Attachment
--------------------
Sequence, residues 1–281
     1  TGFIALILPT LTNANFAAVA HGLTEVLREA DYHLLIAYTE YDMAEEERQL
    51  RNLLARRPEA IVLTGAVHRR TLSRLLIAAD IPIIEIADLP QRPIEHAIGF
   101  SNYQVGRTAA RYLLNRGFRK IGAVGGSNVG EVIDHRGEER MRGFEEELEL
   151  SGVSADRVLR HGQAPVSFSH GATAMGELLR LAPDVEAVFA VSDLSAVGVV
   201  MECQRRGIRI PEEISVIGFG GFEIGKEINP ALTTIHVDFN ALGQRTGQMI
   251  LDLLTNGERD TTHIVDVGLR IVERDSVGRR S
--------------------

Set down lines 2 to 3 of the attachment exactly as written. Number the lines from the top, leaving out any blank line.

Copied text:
     1  TGFIALILPT LTNANFAAVA HGLTEVLREA DYHLLIAYTE YDMAEEERQL
    51  RNLLARRPEA IVLTGAVHRR TLSRLLIAAD IPIIEIADLP QRPIEHAIGF